After British Airways reroutes Jane Lyons’ flight from Baltimore to Washington, D.C., a representative promises that the airline will reimburse her for her taxi fare. But when she presents the airline with a bill, it balks.
Q: I need help getting a refund from British Airways. Earlier this year, I flew from Bergen, Norway, to Baltimore via London — at least, that’s what my ticket said. However, the connecting flight from London to Baltimore was canceled due to a mechanical problem, and a day later I was rerouted to Washington Dulles International Airport.
I did not claim reimbursement for the delay or the rebooking. But British Airways had announced that it would refund the cost of transportation between Washington and Baltimore, if the receipt was forwarded to the customer-service department. Accordingly, I submitted the receipt for $211, the cost of the taxi.
British Airways refunded me $50, stating that more would be above its limit. No limit restriction on taxi fare had ever been mentioned — if it had, I would have tried to find alternative transportation. Can you help me get the $161 that British Airways owes me?
— Jane Lyons, Baltimore
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A: If British Airways promised it would cover your taxi fare, then it should have. A receipt should have been sufficient. Case closed.
Why wasn’t it? A review of your correspondence suggests that the airline misread your first request. You appealed in writing (good move!). Then, British Airways responded with an email saying your refund was limited to $50. But no one ever told you about that limit when you were rerouted to Washington. If you’d known, I’m sure you would have found a less expensive way to get across town or accepted the airline’s partial compensation.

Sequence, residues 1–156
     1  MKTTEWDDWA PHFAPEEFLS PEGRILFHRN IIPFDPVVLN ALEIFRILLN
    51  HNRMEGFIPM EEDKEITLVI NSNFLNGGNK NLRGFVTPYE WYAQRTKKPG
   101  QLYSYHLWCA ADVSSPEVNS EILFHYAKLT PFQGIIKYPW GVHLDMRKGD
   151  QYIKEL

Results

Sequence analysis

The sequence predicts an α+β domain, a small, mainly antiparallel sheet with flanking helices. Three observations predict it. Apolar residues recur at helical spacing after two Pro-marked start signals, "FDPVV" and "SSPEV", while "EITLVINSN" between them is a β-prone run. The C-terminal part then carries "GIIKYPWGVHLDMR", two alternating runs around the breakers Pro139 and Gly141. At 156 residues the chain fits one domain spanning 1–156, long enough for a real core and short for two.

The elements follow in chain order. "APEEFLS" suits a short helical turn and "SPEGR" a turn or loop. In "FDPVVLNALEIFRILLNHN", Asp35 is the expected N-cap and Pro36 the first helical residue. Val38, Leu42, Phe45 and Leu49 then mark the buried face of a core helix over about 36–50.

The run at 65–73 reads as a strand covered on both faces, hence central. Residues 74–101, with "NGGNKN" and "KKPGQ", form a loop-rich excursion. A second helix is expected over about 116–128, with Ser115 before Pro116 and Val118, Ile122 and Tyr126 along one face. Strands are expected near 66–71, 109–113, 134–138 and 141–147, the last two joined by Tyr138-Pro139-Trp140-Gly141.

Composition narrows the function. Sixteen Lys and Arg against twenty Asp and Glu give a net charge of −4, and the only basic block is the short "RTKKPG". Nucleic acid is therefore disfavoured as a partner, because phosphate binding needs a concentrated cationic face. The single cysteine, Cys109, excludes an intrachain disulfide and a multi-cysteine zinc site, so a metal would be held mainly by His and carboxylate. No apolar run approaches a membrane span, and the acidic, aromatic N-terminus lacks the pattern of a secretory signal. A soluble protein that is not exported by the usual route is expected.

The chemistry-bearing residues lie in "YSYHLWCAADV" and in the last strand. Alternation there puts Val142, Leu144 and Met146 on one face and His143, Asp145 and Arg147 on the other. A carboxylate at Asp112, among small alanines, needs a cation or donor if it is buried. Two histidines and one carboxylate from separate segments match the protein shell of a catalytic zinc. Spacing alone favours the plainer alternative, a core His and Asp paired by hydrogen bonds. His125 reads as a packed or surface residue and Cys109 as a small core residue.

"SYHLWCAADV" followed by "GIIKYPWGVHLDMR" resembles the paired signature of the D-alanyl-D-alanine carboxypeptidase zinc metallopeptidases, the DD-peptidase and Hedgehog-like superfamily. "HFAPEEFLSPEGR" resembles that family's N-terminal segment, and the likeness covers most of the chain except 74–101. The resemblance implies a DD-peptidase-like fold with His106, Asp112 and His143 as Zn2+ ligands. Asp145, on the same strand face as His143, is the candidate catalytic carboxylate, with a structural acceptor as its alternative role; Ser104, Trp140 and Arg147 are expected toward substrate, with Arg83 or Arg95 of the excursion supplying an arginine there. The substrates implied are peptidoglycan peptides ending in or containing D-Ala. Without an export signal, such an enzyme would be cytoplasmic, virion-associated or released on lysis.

I can see that you were dealing with British Airways’ regular customer-service department, which may explain why the airline misread your initial complaint. Its agents review hundreds of messages a day and sometimes have only minutes to decide which form response to send.
You might have escalated this to a more senior customer-service manager. I list the names, numbers and email addresses of the British Airways executives on my consumer-advocacy site: http://elliott.org/company-contacts/british-airways/.
Although $211 seems like a lot of money for a cab to Baltimore, it’s actually close to the fares I found online. (The going rate is closer to $155 between airports, but add a tip and change your destination to your home, and you’re in the ballpark.)
After I brought this case to its attention, British Airways refunded $681. That’s no mistake. Since your flight was canceled, you also were entitled to compensation under EU Regulation 261/2004, the European consumer-protection law. Now that’s what I call a happy ending!